As the Spring Budget approaches, there is really only one tax question on entrepreneurs’ lips, “Will anything happen to capital gains tax rates?”
The most likely answer in the short-term is no. In recent years, there has been widespread speculation that capital gains tax rates might increase, causing panicked business owners to accelerate transactions to sell their companies. Compared to the frenzied times ahead of previous Budgets, business owners seem positively serene at the moment about the risk of a capital gains tax (CGT) rate rise.
However, such calmness may be short-lived before the storm of a general election that is looming larger on the horizon. Many business owners have concerns that both major political parties have been ominously silent on the prospect of increases to CGT rates. Whilst there may not be short-term concerns over any changes, entrepreneurs planning a transaction to take place in the next two years are beginning to worry about what the future might bring.
In particular, there is widespread concern amongst entrepreneurs that a Labour government may re-examine the proposals made by the Office of Tax Simplification which recommended that CGT rates should be more closely aligned with income tax rates.
Such a move could have a dramatic effect on the Treasury’s CGT receipts. In a Freedom of Information Request submitted by RSM UK, HMRC has disclosed the number of individuals in the UK who realised substantial capital gains from the sale of shares in unlisted companies.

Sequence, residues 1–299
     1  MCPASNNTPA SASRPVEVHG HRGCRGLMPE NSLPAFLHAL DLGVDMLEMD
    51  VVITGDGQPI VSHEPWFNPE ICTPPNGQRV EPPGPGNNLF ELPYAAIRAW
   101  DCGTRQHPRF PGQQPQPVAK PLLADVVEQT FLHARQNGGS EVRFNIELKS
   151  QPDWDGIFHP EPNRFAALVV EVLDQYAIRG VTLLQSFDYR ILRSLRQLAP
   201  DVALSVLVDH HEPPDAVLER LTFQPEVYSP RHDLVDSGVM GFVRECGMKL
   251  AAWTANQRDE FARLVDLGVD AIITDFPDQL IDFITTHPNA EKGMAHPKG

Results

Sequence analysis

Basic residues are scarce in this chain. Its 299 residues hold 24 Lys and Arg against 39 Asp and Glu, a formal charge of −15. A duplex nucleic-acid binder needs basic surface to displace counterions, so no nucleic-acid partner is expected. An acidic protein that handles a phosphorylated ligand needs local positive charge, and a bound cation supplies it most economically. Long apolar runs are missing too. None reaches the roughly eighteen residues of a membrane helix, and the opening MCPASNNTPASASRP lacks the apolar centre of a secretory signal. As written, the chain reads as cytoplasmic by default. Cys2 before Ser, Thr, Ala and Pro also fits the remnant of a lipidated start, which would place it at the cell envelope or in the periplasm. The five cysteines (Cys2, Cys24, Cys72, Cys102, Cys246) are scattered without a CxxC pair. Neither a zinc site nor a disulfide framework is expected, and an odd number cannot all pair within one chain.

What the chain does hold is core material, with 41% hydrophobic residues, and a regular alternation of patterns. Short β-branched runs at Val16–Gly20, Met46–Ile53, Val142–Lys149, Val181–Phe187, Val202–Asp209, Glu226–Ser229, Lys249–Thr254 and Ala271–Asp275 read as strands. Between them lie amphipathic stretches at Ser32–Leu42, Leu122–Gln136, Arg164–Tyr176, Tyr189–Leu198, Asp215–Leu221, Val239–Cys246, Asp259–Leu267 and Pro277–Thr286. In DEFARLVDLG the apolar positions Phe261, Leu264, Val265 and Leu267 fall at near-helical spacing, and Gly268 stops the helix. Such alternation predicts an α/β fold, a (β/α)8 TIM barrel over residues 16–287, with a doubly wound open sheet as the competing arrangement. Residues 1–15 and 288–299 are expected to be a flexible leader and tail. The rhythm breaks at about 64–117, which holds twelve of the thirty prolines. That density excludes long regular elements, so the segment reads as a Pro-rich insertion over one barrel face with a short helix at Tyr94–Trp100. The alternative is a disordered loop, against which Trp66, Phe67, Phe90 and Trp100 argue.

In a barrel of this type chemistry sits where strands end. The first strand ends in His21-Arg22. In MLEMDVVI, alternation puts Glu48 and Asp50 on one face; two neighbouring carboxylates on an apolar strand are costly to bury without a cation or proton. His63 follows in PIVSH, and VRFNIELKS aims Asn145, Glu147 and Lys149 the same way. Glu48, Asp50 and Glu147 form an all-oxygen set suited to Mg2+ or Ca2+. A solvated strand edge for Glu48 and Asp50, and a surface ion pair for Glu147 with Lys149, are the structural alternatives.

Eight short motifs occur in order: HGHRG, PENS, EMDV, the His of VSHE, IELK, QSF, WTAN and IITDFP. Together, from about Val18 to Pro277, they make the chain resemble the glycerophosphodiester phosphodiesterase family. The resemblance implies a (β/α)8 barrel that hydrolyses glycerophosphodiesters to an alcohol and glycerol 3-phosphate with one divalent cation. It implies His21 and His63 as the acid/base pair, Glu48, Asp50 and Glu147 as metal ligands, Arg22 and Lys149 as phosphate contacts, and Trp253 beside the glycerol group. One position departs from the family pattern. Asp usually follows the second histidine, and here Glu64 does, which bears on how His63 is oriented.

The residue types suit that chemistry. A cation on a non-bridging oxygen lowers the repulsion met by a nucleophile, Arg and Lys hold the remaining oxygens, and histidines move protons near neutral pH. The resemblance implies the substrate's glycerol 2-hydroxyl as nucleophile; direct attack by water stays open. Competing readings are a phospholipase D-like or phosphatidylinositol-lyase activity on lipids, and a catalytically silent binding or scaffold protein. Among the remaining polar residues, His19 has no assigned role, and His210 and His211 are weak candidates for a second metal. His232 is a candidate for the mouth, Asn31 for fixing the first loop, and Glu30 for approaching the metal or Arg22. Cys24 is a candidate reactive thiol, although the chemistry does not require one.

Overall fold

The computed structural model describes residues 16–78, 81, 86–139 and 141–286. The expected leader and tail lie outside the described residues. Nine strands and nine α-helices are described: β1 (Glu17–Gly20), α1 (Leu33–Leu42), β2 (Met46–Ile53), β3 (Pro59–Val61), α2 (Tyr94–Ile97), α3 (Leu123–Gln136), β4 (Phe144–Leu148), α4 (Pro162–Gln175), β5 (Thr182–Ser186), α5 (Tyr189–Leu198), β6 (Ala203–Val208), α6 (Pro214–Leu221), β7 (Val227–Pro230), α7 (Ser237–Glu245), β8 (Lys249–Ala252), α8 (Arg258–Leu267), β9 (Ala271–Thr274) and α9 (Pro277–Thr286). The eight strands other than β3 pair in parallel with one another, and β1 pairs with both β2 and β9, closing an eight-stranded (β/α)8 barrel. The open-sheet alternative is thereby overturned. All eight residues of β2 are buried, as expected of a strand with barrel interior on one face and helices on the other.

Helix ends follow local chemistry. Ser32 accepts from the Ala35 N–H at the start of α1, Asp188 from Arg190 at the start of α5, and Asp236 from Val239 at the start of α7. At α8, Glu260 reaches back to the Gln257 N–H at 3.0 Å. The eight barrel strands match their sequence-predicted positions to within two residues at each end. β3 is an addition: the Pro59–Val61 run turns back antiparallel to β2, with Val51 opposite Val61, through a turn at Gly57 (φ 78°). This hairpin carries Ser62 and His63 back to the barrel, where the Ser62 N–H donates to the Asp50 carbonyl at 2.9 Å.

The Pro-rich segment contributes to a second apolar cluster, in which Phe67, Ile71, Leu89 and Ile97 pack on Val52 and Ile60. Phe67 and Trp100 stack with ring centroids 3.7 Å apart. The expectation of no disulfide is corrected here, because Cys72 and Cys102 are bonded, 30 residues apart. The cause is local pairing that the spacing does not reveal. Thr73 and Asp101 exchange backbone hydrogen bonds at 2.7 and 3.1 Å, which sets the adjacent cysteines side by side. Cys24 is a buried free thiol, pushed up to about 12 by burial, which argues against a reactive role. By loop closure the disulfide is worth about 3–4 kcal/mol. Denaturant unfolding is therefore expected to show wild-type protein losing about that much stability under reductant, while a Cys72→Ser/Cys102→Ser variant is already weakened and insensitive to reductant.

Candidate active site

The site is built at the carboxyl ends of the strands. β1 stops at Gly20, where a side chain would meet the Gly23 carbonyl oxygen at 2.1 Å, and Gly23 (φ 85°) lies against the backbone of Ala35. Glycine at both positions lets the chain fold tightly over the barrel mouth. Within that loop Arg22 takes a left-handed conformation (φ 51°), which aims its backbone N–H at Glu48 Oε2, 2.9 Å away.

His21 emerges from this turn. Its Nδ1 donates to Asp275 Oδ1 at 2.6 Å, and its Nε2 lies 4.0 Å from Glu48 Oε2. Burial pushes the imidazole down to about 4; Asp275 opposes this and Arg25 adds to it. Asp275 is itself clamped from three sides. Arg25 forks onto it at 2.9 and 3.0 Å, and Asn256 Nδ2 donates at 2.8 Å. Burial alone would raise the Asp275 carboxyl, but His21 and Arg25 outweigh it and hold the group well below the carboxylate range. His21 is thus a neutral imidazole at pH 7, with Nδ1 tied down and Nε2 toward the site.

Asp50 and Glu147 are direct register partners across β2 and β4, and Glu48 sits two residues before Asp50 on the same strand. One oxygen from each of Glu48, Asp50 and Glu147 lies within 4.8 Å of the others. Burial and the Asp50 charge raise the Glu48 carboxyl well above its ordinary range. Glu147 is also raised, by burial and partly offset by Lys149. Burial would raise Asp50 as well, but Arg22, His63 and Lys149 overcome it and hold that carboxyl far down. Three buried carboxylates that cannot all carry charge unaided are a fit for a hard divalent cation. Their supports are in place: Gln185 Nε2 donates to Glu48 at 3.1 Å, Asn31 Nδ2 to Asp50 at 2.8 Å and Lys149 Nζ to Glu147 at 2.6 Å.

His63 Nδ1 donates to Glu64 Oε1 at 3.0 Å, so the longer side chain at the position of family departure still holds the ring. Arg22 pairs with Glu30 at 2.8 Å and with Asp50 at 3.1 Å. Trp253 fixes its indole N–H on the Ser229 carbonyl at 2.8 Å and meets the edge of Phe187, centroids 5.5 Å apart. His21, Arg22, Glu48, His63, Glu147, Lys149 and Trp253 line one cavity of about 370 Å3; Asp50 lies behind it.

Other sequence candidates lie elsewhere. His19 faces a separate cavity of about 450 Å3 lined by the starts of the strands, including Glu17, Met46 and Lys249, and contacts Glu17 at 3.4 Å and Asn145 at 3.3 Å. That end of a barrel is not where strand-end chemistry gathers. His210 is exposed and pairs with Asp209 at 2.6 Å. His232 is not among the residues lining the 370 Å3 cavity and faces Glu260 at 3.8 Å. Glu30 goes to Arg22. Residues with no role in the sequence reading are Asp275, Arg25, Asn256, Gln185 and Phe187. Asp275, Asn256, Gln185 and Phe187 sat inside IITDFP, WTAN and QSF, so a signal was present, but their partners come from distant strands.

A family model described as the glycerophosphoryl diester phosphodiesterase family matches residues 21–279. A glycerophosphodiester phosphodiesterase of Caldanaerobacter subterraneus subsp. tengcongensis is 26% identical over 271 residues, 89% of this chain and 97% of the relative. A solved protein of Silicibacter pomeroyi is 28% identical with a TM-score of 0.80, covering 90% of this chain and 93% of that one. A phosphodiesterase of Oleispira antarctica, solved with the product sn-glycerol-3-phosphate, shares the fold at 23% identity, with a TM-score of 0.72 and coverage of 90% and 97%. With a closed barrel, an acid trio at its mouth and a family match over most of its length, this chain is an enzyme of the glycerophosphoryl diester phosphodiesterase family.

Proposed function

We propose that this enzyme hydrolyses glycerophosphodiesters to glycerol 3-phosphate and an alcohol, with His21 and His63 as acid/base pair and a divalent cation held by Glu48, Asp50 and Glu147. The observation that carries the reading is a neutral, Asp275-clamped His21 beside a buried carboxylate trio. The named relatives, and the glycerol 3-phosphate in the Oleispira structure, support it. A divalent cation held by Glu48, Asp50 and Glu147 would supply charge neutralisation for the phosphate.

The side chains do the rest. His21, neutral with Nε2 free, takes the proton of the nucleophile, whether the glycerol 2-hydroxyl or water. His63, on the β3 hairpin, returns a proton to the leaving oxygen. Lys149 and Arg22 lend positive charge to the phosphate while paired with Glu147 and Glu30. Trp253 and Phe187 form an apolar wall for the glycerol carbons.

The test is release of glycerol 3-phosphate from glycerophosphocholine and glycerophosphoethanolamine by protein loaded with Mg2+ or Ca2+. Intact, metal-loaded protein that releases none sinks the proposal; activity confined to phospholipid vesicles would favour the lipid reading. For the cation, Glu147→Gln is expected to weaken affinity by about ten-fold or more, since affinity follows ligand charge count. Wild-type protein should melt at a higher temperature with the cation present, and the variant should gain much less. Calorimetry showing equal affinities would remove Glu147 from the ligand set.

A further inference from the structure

HMRC has provided the details in the following table which shows the gross capital gains reported by individuals on their tax returns in respect of sales of unlisted shares in the 2018/19, 2019/20 and 2020/21 tax years.
|Year of disposal|
|Total gains from unlisted shares||Number of individuals in 2018/19*||Number of individuals in 2019/20*||Number of individuals in 2020/21*|
|Between £5m and £10m||250||300||450|
|Between £10m and £20m||100||150||200|
* The number of individuals are rounded to the nearest 50.
The above statistics show that there was a large spike in transactions in the 2020/21 tax year. This will have been driven by both market conditions, as there was a spike in Private Equity activity during this year, and the fear factor of CGT rates going up.
Allowing speculation around CGT rate rises to run riot can be a useful tactic for a Chancellor hoping to bolster tax receipts. The wider CGT statistics published by HMRC highlight that 45% of CGT revenues in 2020/21 came from those who had chargeable gains of £5m or more, with this group representing less than 1% of CGT taxpayers.
As can be seen from the data released by HMRC, just 150 individuals in the 2020/21 tax year had chargeable gains from the sale of unlisted shares over £20m. As a minimum, these 150 individuals will have accounted for £3bn of chargeable gains. Assuming the gains were fully taxable at 20%, these 150 individuals alone would have accounted for at least £600m of CGT receipts.
We are likely to see the trend of CGT revenues reaching record levels continuing in the near future, provided the deals market does not significantly decline over the next year or so. What happens after a general election and in particular, Labour’s stance on CGT rates, could have a significant impact thereafter. As can be seen, even if a small minority of CGT taxpayers decide not to sell up, it could have a dramatic impact on the Treasury’s tax revenues.